Credit counseling v. Chapter 13 from a budgeting perspective

When families encounter financial difficulties, they explore many options before deciding what is the best course of action for them based on the information they receive. Family members, trusted friends, coworkers, and financial professionals are all sources people often look to for guidance and advice. Among the professionals people often seek out for advice are credit counselors and bankruptcy attorneys 

Credit counselors typically work for companies that get paid based on how much the debtor pays them each month to settle with their creditors. Potential clients have reported various experiences with these agencies. Some people meet with counselors in their offices, while some deal with their counselors only over the phone or only on the Internet. The information people report they are asked for is usually similar and usually basic. The main questions potential clients are asked are how much do they make, how much are their household expenses, and who do they owe money to. People going through this process report that the amount they are told they have to pay is based on how much they owe. The amount is fixed and there is no changing it later if the payment overwhelms the family. If the amount messes art to pay off all debts in full is more than the household budget shows is available, they are told to get second jobs or cut back expense. People also report that because credit counseling creditor participation is totally voluntary, if they have creditors that refuse to participate in the program, they are left on their own to deal with those creditors. Creditors are also free to continue collection action, even after agreeing to the voluntary credit counseling program.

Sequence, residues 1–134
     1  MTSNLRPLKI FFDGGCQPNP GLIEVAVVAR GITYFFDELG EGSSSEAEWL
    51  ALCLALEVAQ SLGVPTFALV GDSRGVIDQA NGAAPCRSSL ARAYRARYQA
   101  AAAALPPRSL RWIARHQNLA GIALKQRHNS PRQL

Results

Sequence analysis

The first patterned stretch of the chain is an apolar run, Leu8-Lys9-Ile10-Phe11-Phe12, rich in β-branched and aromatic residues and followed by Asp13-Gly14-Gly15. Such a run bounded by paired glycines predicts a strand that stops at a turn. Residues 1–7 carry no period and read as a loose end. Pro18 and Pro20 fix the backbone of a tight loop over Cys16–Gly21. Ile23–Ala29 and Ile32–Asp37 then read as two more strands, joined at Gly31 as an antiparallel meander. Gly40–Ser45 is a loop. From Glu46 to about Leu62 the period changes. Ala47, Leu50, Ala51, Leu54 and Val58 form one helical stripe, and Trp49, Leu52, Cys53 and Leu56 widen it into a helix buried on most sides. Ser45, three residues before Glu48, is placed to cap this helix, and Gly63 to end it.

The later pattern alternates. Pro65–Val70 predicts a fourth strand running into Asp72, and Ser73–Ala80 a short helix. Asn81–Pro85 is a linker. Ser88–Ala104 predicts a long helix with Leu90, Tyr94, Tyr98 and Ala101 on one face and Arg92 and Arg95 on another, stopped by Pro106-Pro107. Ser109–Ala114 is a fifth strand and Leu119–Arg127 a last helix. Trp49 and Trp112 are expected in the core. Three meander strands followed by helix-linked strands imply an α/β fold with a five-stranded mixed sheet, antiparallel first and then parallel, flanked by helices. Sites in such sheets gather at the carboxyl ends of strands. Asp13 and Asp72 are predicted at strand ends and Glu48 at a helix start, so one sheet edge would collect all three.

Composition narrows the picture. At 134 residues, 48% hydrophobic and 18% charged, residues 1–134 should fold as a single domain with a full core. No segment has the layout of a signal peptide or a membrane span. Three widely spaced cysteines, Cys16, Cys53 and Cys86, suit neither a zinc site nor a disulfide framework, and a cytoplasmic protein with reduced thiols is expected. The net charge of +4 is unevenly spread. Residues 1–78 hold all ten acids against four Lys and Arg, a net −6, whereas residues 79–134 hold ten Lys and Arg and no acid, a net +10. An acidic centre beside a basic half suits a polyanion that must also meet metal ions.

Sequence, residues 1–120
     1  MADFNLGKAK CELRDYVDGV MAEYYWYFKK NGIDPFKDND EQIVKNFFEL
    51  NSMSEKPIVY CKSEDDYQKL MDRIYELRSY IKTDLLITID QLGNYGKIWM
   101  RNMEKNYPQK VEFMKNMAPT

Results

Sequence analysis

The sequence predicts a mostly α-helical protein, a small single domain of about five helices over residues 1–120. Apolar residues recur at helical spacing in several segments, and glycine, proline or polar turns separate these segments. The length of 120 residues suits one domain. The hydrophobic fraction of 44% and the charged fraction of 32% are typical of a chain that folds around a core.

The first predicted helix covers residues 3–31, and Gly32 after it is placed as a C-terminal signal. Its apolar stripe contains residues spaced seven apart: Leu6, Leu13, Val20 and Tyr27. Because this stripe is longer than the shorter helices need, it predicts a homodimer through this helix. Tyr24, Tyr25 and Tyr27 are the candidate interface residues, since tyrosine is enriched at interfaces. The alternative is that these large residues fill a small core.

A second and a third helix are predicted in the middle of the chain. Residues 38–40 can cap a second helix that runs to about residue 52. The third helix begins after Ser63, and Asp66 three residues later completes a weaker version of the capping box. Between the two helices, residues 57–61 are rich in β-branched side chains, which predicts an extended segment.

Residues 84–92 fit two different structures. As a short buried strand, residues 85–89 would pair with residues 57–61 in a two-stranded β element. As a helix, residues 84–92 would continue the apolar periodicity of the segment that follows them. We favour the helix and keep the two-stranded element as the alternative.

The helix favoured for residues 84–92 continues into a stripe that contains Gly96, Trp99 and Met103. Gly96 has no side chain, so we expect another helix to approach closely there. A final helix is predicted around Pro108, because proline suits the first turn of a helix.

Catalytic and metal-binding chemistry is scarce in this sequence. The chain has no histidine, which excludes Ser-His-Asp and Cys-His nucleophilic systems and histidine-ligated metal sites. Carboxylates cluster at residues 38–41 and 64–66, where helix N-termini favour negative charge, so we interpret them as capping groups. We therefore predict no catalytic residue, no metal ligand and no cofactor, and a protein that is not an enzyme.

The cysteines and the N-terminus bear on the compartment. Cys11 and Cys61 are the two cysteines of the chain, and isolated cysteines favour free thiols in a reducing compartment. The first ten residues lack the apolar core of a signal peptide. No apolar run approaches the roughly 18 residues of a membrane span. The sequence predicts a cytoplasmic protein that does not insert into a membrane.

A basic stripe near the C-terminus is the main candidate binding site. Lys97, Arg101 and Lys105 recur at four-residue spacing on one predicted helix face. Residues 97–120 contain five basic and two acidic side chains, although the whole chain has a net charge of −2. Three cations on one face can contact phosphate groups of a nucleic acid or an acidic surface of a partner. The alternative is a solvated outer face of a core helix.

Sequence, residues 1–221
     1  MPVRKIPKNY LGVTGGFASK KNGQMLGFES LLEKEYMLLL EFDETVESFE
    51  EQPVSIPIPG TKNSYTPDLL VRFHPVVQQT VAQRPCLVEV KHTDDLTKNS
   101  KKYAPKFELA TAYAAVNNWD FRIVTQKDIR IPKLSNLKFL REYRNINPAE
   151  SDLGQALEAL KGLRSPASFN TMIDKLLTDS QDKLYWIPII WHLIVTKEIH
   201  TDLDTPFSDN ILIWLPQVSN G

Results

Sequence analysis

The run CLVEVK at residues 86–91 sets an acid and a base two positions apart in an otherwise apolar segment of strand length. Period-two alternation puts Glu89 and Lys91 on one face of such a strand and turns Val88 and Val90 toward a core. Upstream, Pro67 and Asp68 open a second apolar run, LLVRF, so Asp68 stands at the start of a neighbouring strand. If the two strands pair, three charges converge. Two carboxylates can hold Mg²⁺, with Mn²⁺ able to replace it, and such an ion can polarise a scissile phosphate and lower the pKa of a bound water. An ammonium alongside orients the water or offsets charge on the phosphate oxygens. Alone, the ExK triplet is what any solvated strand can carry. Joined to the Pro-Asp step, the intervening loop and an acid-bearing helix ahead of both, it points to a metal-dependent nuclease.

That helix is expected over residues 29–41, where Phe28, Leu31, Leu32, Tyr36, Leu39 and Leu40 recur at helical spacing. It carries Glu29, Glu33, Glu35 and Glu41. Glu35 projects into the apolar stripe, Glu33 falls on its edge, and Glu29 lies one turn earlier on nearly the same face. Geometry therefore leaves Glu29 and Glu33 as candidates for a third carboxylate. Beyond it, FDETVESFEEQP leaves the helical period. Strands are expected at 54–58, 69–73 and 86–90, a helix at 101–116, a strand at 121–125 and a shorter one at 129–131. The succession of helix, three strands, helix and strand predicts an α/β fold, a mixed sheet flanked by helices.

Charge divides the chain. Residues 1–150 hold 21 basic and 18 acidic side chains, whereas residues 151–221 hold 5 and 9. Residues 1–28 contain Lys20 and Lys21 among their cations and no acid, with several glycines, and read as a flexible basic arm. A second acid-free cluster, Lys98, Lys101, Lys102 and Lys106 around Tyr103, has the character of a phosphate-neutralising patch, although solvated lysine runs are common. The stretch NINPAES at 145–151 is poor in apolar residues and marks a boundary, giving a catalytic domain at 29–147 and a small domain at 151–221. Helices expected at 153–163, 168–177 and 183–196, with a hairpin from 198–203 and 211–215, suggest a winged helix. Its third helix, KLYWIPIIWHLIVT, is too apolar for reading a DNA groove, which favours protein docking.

People report a very different experience when they consult with a professional like a bankruptcy attorney. First, bankruptcy attorneys are not paid based on the amount a client pays to their creditors. In fact, our firm does not require clients to pay attorney fees up front before the case is filed. Second, chapter 13 bankruptcy addresses all the creditors a client has, and creditors don’t have a choice on whether federal bankruptcy law applies to them. Third, and most importantly in clients’ opinions, bankruptcy attorneys approach the budgeting process from a different perspective. Consultations with our firm involve discussions about financial goals and look at how to restructure the household budget to achieve those goals. Chapter 13 plans are usually structured to pay the amount of income left after paying reasonable and necessary living expenses, which people often find to be a significant and welcome difference from having to pay all creditors in full. The amount of the payment can also be revisited by a follow up meeting with they attorney if there are significant financial changes after the case is filed. Clients find this type of tailored approach to budgeting and debt resolution works better for their families.

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